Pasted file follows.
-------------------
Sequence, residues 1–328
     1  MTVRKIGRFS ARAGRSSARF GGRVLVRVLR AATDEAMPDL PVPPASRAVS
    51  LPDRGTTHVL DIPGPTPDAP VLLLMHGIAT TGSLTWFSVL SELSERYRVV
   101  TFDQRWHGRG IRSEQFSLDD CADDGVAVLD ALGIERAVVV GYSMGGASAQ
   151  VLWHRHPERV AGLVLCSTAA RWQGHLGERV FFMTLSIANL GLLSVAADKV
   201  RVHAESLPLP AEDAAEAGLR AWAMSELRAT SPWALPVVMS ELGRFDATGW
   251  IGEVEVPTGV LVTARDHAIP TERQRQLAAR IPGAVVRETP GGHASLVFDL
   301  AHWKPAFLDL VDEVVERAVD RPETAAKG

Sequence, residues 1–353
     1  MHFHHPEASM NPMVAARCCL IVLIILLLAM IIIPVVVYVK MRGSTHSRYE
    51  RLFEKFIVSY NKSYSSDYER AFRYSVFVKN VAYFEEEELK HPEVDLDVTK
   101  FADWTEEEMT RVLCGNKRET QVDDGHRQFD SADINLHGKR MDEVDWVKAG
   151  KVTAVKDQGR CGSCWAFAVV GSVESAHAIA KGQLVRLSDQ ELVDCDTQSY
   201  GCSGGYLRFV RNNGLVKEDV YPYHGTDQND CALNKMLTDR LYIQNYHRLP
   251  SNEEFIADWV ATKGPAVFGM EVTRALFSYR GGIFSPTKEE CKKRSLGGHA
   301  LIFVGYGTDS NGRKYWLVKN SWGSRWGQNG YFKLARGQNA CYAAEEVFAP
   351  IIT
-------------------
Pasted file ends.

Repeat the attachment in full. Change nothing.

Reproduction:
Sequence, residues 1–328
     1  MTVRKIGRFS ARAGRSSARF GGRVLVRVLR AATDEAMPDL PVPPASRAVS
    51  LPDRGTTHVL DIPGPTPDAP VLLLMHGIAT TGSLTWFSVL SELSERYRVV
   101  TFDQRWHGRG IRSEQFSLDD CADDGVAVLD ALGIERAVVV GYSMGGASAQ
   151  VLWHRHPERV AGLVLCSTAA RWQGHLGERV FFMTLSIANL GLLSVAADKV
   201  RVHAESLPLP AEDAAEAGLR AWAMSELRAT SPWALPVVMS ELGRFDATGW
   251  IGEVEVPTGV LVTARDHAIP TERQRQLAAR IPGAVVRETP GGHASLVFDL
   301  AHWKPAFLDL VDEVVERAVD RPETAAKG

Sequence, residues 1–353
     1  MHFHHPEASM NPMVAARCCL IVLIILLLAM IIIPVVVYVK MRGSTHSRYE
    51  RLFEKFIVSY NKSYSSDYER AFRYSVFVKN VAYFEEEELK HPEVDLDVTK
   101  FADWTEEEMT RVLCGNKRET QVDDGHRQFD SADINLHGKR MDEVDWVKAG
   151  KVTAVKDQGR CGSCWAFAVV GSVESAHAIA KGQLVRLSDQ ELVDCDTQSY
   201  GCSGGYLRFV RNNGLVKEDV YPYHGTDQND CALNKMLTDR LYIQNYHRLP
   251  SNEEFIADWV ATKGPAVFGM EVTRALFSYR GGIFSPTKEE CKKRSLGGHA
   301  LIFVGYGTDS NGRKYWLVKN SWGSRWGQNG YFKLARGQNA CYAAEEVFAP
   351  IIT